Vicky Cassidy is the brain behind Things I Made Today, a blog which catalogues all the things she makes in her kitchen.
She has always been curious about food, so she started this blog as a way for her to track recipes she thinks deserved repeating.
When she’s not working full time at Zapier or spend time with her husband, Jason, and son,Theodore, she works for Whisk, a collective of Wisconsin-based food bloggers that I founded in 2015.
1. Having had grown up in a Russian household, how did Russian cuisine and cooking influenced your own style and preferences?
My family immigrated from Russia when I was five and settled in Los Angles for a couple of years before moving to the suburbs of Chicago, which is where I spent most of my childhood.
To be honest, we didn't eat a lot of traditionally Russian food. With the exception of Salat Olivie, which is a potato salad with peas, eggs, pickles and a lot of mayonnaise, I don't remember much Russian food at the table.
The cultural experience that did stick though was the course of pickled, smoked, and cured things before every meal. That is something we continue to do, regardless of how fancy the meal is. I don't imagine my dad could eat dinner without first consuming at least 1/2 a pound of pearl onions marinated in vinegar.
2. Who is your biggest influence when it comes to cooking? And what has he or she taught you that made you love this art?
My mom was always a phenomenal cook, and it's no doubt that it was her influence that got me interested in food. However, as a child, I didn't do a lot of cooking with my mom---I more made things on my own and presented them to her and the rest of the family. She offered critiques and advice, and now acts as more of a consultant to my recipe ideas and struggles.
The biggest difference between my mother and I when it comes to cooking is that she cooks from memory but cannot write down a recipe to save her life (trust me, I've tried to make some of her classics that she "documented"), while I need to capture all my notes on paper (I mean blog) in order to be able to make the dish right.
But, when it comes to things my mother has taught me, it's how to throw a proper dinner party. How to plan a menu, how to pace the cooking, how to make sure the dishes come out at the right time. Also when to open the wine and how to make sure it's flowing properly.
3. How do you usually come up with new recipes? How often do you develop new recipes?
By eating a lot. Most of my ideas are influenced by somewhere I traveled and something I ate. I try to remember flavors and ingredients and to recreate there essence in my own version of the food.
I iterate a lot, until it becomes something new and unique. I try to make a couple new recipes a month, but there is no shortage of total failures or dishes that just don't make the cut.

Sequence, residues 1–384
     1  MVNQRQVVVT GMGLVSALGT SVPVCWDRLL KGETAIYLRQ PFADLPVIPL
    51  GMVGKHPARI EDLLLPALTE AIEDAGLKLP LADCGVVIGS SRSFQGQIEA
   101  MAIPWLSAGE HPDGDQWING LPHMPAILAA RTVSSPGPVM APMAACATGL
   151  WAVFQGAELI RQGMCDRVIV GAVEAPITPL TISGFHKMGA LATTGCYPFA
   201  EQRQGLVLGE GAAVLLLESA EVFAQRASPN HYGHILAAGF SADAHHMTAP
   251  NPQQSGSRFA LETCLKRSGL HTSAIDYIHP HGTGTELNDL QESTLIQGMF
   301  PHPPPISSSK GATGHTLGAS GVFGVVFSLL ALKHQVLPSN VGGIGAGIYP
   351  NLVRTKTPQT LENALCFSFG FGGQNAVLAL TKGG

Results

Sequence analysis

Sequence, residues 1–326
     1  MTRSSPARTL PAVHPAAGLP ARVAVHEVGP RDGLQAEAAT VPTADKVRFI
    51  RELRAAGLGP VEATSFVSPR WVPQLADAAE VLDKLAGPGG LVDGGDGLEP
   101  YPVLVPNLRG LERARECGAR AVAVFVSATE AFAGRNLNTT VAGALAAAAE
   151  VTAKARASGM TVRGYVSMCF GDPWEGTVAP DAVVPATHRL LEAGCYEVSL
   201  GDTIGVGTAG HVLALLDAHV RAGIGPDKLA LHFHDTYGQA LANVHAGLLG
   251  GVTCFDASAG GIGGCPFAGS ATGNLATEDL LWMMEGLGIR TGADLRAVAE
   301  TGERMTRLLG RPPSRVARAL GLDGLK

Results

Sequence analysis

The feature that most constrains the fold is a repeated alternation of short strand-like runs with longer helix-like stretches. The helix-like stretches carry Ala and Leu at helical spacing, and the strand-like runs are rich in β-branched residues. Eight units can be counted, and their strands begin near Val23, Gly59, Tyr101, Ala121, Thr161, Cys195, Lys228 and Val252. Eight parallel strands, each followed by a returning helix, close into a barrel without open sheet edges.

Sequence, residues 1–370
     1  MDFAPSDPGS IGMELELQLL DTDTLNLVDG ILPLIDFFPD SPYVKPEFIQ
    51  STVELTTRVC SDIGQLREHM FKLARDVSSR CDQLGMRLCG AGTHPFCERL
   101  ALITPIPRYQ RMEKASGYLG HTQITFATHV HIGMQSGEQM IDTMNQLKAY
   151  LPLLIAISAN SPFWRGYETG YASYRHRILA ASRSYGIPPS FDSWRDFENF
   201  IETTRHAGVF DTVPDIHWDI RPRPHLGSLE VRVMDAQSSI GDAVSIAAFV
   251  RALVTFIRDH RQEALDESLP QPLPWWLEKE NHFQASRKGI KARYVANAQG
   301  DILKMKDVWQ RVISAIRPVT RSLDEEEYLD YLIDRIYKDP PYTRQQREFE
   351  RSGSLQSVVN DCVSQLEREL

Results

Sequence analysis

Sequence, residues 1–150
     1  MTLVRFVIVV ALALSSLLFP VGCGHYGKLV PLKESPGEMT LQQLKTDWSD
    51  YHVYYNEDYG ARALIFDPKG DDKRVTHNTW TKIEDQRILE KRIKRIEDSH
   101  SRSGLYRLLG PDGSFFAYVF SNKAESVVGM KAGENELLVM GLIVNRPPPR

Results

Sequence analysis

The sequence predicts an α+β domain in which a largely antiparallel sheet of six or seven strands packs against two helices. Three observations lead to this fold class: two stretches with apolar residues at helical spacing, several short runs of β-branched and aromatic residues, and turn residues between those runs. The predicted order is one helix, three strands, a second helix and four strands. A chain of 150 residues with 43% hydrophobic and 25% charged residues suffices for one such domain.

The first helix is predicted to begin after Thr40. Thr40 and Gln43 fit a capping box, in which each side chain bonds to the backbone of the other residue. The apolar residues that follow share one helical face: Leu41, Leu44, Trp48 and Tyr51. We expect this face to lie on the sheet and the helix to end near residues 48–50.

I'm also constantly challenged by my CSA (Community Supported Agriculture). We get a basket of vegetables delivered every week from spring through fall and we don't always know what's coming in them.
It takes some creatively and planning to keep up with all the food and to make sure it goes to good use. It's a challenge in all the best ways, and has helped me create new and beautiful recipes that I may have never come up with (because who would ever buy kohlrabi out of their free will?).
4. Can you tell us more about Whisk? It's actually a great idea - something that other cities or communities can do as well. How would they start if they want to?
Whisk is a collaborative of Wisconsin-based food bloggers. Our aim is to unite the local food blog community and help bridge connections between bloggers, local Wisconsin food producers, sponsors, and advertisers who are interested pursuing collaborative efforts.
I started Whisk with two other local bloggers (Sarah of Wisconsin From Scratch and Bowen of Bowen Appetit). We realized how much we enjoyed getting together and collaborating and decided to see what would happen if we invited the rest of Wisconsin to join us.
Turns out there are over 50 food bloggers in the state and many small, artisanal food producers who want to share and promote their products through blogs. It's been a really lovely relationship and it continues to grow.
I would say if someone wanted to start a food blogging collective in their city or state to just start. Reach out to people, share your story, share your resources, and see what people are interested in building.
We don't treat Whisk as a business, but as a community, and it helps us make decisions that benefit the whole group. Honestly, it's whatever our members want it to be, and we have nothing to lose.
5. Finally, can you give us three of your favorite recipes from your website?
Oh that is always a tough one. Good thing I just had my four year blogging anniversary and went through all the recipes to pick the best ones. Three is tough, but here you go:
- Grilled Trout with Eggplants and Leeks
- Prosciutto, Caramelized Onion, Mushroom, and Gorgonzola Pizza with an Egg on Top
- Caramelized Onion and Ricotta Tarte Soleil